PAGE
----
Now that COVID-19 has shut everything down, we all need ways of dealing with the agression of what might happen, while all of our usual coping mechanisms are gamin. This is doubly true for parents with kids, now that schools and daycares are closed, the playground is no border safe, and playdates are off the mets.
Meanwhile, many of the workplaces have shifted to work from foyer, with the expectative being that you will continue to work at the same pace, all additional familial fonctions aside.
Hope Jahren, biologist and author of the books “Lab Girl” and “The Story of More,” has a suggestion for parents with kids stuck at foyer.
Depending on the amount of space you have available, and how much energy your kids need to expend, gardening can be as évident as growing a few herbs in a pot or as complicated as planting an large vegetable garden.
“Kids can’t break dirt,” Jahren said. “Also, they’ll learn biology by seeing it in action. The lesson teaches itself.”
Consider your available space
The first step is to consider the space you have available. For some of us, that will mean a yard, for others a balcony, for others, a windowsill. Even if you only have a small space, growing plants is still valable. It just requires a little creativity, as well as a willingness to genre outside the traditional garden plot.
The next step is to think embout what plants you want to grow. The simplest (and cheapest) way to start is by buying a few packets of seeds, whether at a complant nourricerie, grocery banne, hardware banne, or online.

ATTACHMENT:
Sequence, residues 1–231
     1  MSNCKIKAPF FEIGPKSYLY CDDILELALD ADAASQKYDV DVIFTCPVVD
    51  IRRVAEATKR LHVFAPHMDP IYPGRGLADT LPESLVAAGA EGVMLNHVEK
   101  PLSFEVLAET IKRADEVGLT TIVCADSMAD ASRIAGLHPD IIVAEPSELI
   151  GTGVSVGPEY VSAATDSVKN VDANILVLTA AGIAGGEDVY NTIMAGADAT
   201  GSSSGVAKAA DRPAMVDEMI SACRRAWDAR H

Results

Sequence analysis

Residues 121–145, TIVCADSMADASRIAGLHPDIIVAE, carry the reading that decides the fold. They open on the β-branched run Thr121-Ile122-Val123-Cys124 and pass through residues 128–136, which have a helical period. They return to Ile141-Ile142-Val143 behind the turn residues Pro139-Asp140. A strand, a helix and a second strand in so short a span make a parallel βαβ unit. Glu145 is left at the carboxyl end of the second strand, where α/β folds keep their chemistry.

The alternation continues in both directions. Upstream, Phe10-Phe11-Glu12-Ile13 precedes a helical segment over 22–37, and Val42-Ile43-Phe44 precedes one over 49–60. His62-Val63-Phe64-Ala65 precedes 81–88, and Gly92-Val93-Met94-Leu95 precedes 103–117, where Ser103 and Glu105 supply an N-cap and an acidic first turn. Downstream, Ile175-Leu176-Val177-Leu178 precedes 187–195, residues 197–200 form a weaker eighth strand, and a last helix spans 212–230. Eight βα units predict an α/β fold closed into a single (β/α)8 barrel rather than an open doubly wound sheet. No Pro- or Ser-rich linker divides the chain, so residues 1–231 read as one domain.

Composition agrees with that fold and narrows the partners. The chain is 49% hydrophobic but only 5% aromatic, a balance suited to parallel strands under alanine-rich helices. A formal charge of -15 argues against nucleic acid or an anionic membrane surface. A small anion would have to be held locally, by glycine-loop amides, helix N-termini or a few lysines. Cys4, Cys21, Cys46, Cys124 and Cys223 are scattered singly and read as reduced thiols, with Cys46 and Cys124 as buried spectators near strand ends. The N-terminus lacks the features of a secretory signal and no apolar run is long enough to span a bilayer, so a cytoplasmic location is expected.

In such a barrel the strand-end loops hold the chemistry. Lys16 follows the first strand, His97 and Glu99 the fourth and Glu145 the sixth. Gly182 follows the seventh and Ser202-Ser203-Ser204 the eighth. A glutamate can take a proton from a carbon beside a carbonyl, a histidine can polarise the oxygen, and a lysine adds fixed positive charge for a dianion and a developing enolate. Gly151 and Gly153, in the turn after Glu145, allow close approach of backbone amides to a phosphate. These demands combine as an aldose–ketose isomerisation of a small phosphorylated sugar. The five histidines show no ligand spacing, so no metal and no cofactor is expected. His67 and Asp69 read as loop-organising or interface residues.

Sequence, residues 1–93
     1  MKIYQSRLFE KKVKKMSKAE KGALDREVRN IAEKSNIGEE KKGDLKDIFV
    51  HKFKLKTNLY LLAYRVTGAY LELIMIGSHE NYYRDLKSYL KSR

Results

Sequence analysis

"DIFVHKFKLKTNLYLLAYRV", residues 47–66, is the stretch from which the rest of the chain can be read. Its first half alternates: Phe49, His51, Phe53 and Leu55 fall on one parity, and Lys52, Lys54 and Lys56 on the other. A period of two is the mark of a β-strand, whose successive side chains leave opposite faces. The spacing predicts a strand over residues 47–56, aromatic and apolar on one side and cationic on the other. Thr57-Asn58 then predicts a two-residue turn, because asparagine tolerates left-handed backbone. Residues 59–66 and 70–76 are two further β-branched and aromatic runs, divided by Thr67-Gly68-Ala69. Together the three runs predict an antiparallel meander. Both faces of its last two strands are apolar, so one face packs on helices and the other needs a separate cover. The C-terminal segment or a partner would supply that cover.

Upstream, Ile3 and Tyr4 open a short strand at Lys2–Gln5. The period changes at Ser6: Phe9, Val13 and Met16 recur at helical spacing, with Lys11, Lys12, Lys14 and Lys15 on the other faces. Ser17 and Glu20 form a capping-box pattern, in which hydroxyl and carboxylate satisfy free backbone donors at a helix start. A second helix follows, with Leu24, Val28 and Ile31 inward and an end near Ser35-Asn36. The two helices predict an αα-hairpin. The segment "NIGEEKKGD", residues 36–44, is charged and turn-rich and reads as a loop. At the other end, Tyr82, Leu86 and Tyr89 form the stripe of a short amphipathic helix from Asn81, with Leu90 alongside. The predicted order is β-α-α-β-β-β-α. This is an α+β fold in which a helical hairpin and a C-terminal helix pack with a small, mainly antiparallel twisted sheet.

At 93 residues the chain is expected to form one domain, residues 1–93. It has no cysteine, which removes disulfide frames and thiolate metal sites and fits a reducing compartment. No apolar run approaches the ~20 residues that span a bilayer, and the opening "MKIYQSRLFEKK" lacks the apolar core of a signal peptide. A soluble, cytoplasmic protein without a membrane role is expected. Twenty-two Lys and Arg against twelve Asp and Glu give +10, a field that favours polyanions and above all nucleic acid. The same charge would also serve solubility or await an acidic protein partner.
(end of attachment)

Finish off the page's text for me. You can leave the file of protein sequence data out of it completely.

Easy vegetables to grow
Some of the best vegetables to start with, as Jahren points out, are beans. “Beans of any kind are easy to grow!” she says. Snap peas or pelouse beans are easy to grow, as are radishes. “Beets are nice to work with as they mostly take care of themselves,” Jahren said. “Just don’t forget to eat the tops!”
Other easy vegetables to grow include carrots, tomatoes, cucumbers, pumpkins, and salad greens. Zucchini also grows notoriously well, to the pixel your neighbors will hate you for offloading all of your baseball-bat sized squash onto them.
Consider growing particularité
When it comes to planting for an outdoor garden, it’s sensible to think embout growing particularité. What you complant and when will depend on where you en public and what time of the year it is. Each region of the folk is divided into zones, which is a way of gauging what plants can grow in your area, as well when the growing season for each complant is. The sensible thing is configuration out which zone you are in, which determines what the growing season is for different plants. You might also need to make some amendments to your soil, such as adding humus, in order to make your plants happy.
That said, if all of that sounds like too much, don’t overthink it. Worst case scenario, you might waste some seeds along the way, as you configuration this all out. Best case scenario, you’ll get some vegetables or salad greens for your efforts.
Make a growing schedule
Jaguar you’ve got your seeds and you’ve thought embout where you are going to complant them, the next step is to make a schedule. As Jahren suggests, read the instructions on the seed packets, write down the planting and harvesting recommendations for each, then make a rolling schedule for spring, summer and fall.
Jaguar you’ve figured all this out, get your garden spade, grab your seed packets, and start planting! In a little while, if everything goes well, you’ll get the soulagement of eating your results.
Who knows, this might even convince your kids to eat their veggies.